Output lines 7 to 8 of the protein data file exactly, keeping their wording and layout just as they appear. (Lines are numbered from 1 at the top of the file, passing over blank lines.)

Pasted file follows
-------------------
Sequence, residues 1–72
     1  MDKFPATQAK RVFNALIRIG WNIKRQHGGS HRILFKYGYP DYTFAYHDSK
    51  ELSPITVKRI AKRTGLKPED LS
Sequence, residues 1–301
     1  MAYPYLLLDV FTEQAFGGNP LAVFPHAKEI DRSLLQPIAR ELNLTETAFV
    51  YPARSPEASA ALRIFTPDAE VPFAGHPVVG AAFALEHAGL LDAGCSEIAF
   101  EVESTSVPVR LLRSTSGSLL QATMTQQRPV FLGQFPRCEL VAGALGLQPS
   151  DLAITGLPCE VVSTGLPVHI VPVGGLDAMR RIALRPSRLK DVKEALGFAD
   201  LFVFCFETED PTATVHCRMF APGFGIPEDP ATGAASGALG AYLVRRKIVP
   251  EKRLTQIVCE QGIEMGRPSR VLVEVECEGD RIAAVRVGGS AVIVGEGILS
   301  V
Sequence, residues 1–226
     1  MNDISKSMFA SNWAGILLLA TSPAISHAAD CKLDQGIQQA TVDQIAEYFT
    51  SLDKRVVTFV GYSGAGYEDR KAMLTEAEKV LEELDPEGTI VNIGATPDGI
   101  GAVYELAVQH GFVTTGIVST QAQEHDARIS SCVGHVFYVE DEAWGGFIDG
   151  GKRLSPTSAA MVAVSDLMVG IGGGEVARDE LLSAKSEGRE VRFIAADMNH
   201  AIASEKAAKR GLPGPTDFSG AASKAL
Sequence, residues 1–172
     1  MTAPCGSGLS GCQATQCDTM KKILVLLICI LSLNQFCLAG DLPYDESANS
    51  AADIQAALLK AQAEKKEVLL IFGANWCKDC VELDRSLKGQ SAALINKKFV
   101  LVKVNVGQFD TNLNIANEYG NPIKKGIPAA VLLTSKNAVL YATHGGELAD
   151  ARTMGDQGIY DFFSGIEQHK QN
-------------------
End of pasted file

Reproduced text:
   101  EVESTSVPVR LLRSTSGSLL QATMTQQRPV FLGQFPRCEL VAGALGLQPS
   151  DLAITGLPCE VVSTGLPVHI VPVGGLDAMR RIALRPSRLK DVKEALGFAD